Step by Step Migration from RHEL to Centos
November 16, 2017

Step by Step Migration from RHEL 7.4 to CentOS 7.4

Operating Systems

As discussed in part 1 of the blog, How to migrate from RHEL 7.4 to CentOS 7.4, one of the biggest “selling” points for CentOS is that it is built from the official Red Hat source code. This means that CentOS and RHEL are incredibly, if not entirely, compatible.

In this post, I’m going to use the CentOS Migration Guide, updated for the CentOS 7.4 release, to convert a vanilla RHEL 7.4 installation to CentOS 7.4.

A Real Migration in Action

As always, there are risks associated with any system-level change, so we recommend taking a backup of the system immediately prior to attempting the migration, just in case something does go wrong and the system needs to be restored to its present state. We also recommend testing the migration procedure on non-production systems first so that issues can be caught and remedied prior to migrating your production environment. It’s also wise to schedule a larger maintenance window than you think you’ll need to provide an additional buffer in case there are issues in production that were not encountered in non-production.

CentOS provides a Migration Guide online. One more word of caution regarding this Migration Guide is that this document, and therefore the listed package versions, are not necessarily up-to-date. For instance, you would probably need to update the URLs for the centos-release, centos-release-notes, centos-indexhtml, redhat-logos, yum and yum-plugin-fastestmirror packages for these instructions to work.

System migration is ultimately performed via the ‘yum upgrade’ command (CentOS packages have a higher versioning than the same package in RHEL) so not only will your system be migrated, it will be updated simultaneously! Let’s verify that we’re on a RHEL 7.4 system:

How to migrate from RHEL 7.4 to CentOS 7.4: RHEL 7.4 system

Yup… RHEL 7.4. Now, let’s create a temp directory to work inside of:

How to migrate from RHEL 7.4 to CentOS 7.4: Create a temp directory

Let’s make sure that we’ve separated ourselves from the Red Hat Network and that we won’t be using abrt to report crashes to bugzilla.redhat.com. We also need to remove any Red Hat release notes. (There were some warnings on my system that displayed because this is such a minimal install, but I excluded them for brevity.)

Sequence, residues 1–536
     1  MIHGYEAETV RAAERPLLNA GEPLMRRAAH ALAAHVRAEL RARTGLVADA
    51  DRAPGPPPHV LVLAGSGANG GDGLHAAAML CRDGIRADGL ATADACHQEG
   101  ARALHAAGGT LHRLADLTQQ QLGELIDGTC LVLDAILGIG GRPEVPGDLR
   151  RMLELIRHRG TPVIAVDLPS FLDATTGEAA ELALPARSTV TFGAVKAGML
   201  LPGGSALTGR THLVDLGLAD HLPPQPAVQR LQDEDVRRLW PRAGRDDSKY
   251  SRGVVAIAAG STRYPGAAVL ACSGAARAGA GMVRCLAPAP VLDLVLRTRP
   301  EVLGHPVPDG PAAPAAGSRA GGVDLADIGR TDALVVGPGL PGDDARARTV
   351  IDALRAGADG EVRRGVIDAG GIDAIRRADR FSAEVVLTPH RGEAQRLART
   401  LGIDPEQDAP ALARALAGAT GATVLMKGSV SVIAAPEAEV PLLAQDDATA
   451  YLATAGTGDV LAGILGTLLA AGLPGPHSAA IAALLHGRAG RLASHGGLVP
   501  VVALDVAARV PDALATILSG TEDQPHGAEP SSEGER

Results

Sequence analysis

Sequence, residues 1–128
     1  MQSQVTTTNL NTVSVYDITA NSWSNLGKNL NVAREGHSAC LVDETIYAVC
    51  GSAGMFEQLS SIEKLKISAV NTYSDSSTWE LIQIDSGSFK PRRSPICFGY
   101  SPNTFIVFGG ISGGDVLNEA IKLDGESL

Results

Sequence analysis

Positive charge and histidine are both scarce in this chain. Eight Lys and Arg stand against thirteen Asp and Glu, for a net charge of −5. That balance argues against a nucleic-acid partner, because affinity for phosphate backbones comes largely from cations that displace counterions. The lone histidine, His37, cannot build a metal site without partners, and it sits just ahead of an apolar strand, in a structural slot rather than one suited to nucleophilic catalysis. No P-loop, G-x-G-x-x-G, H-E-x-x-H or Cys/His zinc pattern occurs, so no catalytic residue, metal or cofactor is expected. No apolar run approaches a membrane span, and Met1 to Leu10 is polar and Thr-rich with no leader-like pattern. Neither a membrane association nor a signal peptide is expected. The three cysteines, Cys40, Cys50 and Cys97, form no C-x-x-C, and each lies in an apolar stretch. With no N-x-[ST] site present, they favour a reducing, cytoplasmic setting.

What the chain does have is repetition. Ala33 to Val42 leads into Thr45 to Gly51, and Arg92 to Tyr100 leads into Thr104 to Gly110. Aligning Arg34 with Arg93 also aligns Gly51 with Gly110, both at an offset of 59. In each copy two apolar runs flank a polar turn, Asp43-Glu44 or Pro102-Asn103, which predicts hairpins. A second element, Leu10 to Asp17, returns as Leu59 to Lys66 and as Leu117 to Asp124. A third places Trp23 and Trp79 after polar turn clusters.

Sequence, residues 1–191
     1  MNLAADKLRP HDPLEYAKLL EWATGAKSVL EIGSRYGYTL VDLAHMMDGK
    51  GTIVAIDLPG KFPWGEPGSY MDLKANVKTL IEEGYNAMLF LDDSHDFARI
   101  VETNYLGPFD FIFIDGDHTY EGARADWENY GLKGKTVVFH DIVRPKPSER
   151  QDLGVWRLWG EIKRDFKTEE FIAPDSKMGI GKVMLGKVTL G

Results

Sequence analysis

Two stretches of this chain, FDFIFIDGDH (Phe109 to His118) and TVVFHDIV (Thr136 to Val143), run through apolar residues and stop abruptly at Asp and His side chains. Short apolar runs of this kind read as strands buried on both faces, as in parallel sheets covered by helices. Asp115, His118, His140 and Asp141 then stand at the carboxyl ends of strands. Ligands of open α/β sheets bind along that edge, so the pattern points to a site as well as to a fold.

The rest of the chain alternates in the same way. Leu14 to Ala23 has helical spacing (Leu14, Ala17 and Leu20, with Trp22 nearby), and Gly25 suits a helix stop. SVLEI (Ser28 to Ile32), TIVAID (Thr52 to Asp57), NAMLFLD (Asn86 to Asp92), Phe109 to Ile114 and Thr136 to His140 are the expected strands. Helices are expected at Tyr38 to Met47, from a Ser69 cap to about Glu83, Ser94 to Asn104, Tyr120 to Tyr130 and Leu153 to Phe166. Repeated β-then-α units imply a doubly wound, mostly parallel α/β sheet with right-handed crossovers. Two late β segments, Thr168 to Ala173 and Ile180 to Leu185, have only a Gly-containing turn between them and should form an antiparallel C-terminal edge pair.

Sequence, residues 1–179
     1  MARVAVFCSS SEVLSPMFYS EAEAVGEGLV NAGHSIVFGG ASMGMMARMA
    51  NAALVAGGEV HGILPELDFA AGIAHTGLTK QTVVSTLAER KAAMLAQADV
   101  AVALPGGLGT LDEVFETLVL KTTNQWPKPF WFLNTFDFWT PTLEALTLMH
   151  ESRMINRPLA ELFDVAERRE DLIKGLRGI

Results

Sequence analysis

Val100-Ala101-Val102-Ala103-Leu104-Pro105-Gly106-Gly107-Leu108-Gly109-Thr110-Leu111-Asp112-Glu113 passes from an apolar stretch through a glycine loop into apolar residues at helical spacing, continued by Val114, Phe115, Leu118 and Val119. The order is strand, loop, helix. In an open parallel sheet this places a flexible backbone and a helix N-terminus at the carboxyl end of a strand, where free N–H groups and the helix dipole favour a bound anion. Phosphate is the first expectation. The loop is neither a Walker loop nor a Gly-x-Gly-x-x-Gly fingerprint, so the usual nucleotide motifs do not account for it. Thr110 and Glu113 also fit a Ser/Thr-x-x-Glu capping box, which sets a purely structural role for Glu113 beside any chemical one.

How to migrate from RHEL 7.4 to CentOS 7.4: Create a temp directory

We now need to remove the Red Hat release and indexhtml packages, if they’re installed:

How to migrate from RHEL 7.4 to CentOS 7.4: Remove the Red Hat release and indexhtml packages

On some systems, the /usr/share/redhat-release or /usr/share/doc/redhat-release directories may be left, even though they are empty, so we’ll remove them so that they don't cause issues when installing the centos-release package:

How to migrate from RHEL 7.4 to CentOS 7.4: Remove directories

We now download the RPMs that will repoint the yum package manager towards the CentOS mirrors:

How to migrate from RHEL 7.4 to CentOS 7.4: Download the RPMs

Install these RPMs:

How to migrate from RHEL 7.4 to CentOS 7.4: Install RPMs

Let’s clean up yum. We’re primarily interested in purging any cached Red Hat package data so we can repopulate the cache with CentOS data:

How to migrate from RHEL 7.4 to CentOS 7.4: Clean up yum

Now let’s repopulate the yum cache:

How to migrate from RHEL 7.4 to CentOS 7.4: Repopulate the yum cache

Finally, we’ll perform the upgrade using yum. This generates a lot of output for each package being updated so we’ll just show the beginning and end of the sequence here.

How to migrate from RHEL 7.4 to CentOS 7.4: Beginning of upgradesequence

 

How to migrate from RHEL 7.4 to CentOS 7.4: End of upgrade sequence

Finally, we’ll verify that we’re running CentOS 7.4:

How to migrate from RHEL 7.4 to CentOS 7.4: Verify CentOS 7.4

Congratulations!  Our system is now running CentOS 7.4! At this point, if this were a real system, we should reboot and verify that all of our daemons and services are running as expected.

What If Our System Runs An Older Version of RHEL?

Let’s say we have a system that was stuck on RHEL 7.1 because our support contract ran out. Let’s also say that we want to update to CentOS 7.4. We can do that easily, too! What we’d do is download the CentOS 7.1 RPMs (from vault.centos.org since they are not currently available on the CentOS mirrors) and then perform the installs and updates. This will leave us with a CentOS 7.4 system after the update:

How to migrate from RHEL 7.4 to CentOS 7.4: Perform the install

BOOM!  Our RHEL 7.1 system is now a CentOS 7.4 system, complete with all available updates!

Next Steps

Watch this on-demand webinar where we go through this entire migration in less than 5 minutes!